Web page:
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Glass (C) - Encylopedia Of Antiques

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CAMEO GLASS: See GLASS, Cameo.

CANDLESTICKS: The earliest glass candlesticks were made in England during the reign of Charles II. At first it was customary to mold these in two sections and fuse the sections together, leaving some irregularity. A straight, clean seam indicates pressing in a machine mold, and is therefore later. Candlesticks were made of pressed glass after the first quarter of the 19th century. The so-called "dolphin" candlestick is a familiar type to the collector.

CAPE COD GLASS CO.: Sandwich, Massachusetts, started by Deming Jarves in 1858, after his resignation from the Boston and Sandwich Glass Co., with which company he had been associated for more than thirty years. The new company was never very successful and after the death of Jarves in 1869 the factory was closed. Ware similar to that of "Sandwich" was produced.

CASE BOTTLES: See BOTTLES, Case.

CAST GLASS: Cast in a mold very much after the manner of molten iron. When taken from the mold it is very apt to be rough and to require subsequent polishing of surfaces and edges. The mixture in cast glass is heated to a higher temperature and is more liquid.

CHAMPLAIN GLASS WORKS: Established at Burlington, Vermont, in 1827 to make window glass with a side production of bottles. The glass was of excellent quality and heavier than most of the window glass of its time. Bottles were distinguished by a bluish-green cast. The "off hand" blown examples of the Burlington works form some of the choicest specimens of our native glass-craftsmanship in existence. The high price of fuel put an end to the business in 1848.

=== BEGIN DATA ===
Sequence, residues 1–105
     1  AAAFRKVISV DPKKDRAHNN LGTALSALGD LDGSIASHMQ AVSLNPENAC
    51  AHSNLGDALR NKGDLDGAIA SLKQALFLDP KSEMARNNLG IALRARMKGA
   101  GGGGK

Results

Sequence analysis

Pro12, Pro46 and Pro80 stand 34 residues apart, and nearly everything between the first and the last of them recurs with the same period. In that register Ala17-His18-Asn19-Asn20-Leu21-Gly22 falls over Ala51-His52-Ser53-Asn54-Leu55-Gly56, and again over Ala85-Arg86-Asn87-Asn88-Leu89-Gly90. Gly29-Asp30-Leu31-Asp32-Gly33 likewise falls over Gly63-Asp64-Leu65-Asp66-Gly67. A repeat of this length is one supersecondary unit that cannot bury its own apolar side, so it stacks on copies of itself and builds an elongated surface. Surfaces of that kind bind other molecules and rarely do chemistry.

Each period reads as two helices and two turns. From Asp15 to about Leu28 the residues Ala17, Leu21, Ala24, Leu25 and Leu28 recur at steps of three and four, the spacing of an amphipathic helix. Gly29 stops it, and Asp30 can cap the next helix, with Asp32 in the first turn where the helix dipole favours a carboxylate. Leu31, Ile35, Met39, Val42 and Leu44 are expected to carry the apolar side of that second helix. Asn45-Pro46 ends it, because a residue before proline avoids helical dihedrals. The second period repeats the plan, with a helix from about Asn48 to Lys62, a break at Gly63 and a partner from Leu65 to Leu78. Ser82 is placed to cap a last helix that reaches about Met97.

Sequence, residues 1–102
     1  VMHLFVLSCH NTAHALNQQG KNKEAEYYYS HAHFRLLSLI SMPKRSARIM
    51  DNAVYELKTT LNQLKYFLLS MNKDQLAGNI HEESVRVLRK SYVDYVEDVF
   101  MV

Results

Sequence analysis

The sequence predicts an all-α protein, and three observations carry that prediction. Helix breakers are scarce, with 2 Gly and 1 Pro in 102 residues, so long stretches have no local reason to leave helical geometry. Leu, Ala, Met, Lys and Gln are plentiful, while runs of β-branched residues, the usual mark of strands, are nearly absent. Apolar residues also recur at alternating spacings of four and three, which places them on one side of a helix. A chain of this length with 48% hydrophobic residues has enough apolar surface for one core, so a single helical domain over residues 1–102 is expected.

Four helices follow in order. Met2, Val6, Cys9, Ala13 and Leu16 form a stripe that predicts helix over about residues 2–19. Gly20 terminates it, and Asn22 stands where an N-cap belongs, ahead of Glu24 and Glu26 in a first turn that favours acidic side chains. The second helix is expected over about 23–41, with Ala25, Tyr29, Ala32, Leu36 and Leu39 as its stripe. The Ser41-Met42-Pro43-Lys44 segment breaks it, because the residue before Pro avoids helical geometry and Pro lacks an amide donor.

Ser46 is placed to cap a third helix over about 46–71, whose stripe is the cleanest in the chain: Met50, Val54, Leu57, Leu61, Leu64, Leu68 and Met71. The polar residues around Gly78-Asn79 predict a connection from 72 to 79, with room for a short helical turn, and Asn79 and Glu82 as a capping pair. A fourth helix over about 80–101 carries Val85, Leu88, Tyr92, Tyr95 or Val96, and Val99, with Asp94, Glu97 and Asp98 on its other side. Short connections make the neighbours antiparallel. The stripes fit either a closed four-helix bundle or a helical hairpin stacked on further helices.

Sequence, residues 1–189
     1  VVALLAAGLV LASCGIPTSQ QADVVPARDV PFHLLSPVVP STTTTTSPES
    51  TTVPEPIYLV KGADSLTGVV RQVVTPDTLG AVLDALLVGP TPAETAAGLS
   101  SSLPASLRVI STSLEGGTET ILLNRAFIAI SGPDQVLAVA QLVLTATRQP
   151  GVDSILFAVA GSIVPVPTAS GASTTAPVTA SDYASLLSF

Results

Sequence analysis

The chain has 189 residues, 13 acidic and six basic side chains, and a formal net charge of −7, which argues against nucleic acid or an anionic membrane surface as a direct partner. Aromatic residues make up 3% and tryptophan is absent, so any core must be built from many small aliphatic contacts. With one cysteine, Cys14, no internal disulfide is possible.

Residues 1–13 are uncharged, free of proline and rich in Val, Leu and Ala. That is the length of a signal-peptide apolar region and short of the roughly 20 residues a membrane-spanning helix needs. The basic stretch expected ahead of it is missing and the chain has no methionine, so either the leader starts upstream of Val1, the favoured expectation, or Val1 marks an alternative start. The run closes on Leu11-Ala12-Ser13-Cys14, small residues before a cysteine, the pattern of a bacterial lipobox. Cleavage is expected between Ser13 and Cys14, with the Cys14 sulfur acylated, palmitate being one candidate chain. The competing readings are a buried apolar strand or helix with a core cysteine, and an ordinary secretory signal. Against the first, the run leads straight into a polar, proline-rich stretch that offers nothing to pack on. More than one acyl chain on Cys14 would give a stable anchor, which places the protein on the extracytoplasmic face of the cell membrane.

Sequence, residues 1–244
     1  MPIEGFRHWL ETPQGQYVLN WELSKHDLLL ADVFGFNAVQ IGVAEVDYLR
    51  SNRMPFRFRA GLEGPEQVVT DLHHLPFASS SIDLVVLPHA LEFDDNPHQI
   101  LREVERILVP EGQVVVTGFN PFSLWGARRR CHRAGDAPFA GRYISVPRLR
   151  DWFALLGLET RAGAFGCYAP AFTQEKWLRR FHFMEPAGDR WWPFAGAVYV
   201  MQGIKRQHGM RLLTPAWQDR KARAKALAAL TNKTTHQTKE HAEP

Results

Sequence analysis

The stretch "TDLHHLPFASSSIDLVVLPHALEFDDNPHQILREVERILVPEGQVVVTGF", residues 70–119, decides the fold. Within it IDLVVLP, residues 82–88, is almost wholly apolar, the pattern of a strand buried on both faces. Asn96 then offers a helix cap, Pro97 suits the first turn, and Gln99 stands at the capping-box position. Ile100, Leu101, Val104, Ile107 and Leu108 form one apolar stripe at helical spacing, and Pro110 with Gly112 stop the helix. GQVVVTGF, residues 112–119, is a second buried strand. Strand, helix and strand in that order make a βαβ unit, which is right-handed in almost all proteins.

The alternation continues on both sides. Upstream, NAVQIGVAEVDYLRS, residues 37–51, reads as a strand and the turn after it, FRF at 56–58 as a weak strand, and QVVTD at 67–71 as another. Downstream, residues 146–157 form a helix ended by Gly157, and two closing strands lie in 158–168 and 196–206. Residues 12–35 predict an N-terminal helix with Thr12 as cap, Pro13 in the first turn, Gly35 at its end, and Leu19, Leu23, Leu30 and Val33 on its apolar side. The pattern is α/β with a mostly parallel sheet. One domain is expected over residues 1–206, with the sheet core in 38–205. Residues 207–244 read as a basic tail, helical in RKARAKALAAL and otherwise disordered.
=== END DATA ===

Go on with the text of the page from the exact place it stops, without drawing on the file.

CHANDELIERS: The glass chandelier or lustre was in vogue in England and to a lesser extent in this country throughout the 18th century. At the beginning of the 19th century the design became decadent and metal chandeliers gradually replaced the glass. In their best period some were very elaborate and expensive. The first glass chandelier to be made in this country was made at Pittsburgh in 1810. The New England Glass Co. at Cambridge, Sandwich, and other factories also made them throughout their existence, some of them very elaborate. See CHANDELIERS, PART 5:

CHELMSFORD GLASS WORKS: Established in 1802 at Chelmsford, Massachusetts, by Hunnewell and Gore. The enterprise was successful for a time but in 1827 the firm failed, and the business was taken over by others and operated for about twelve years, when it was removed to Suncook, New Hampshire, where operations were continued until about 1850. It is believed that the "Lowell Railroad" bottle was made at Chelmsford in 1829.

CHEVAL GLASS: A large glass or mirror, introduced late 18th century, swinging between framed-up supports.

CHINESE GLASS: China does not appear to have given the attention to making glass in early times that she gave to the ceramic arts. The Chinese have, however, for some time past, been making glass of extreme beauty and of graceful shapes. The Chinese snuff bottles (q.v.), of infinite variety, make one of the most charming items for a collector.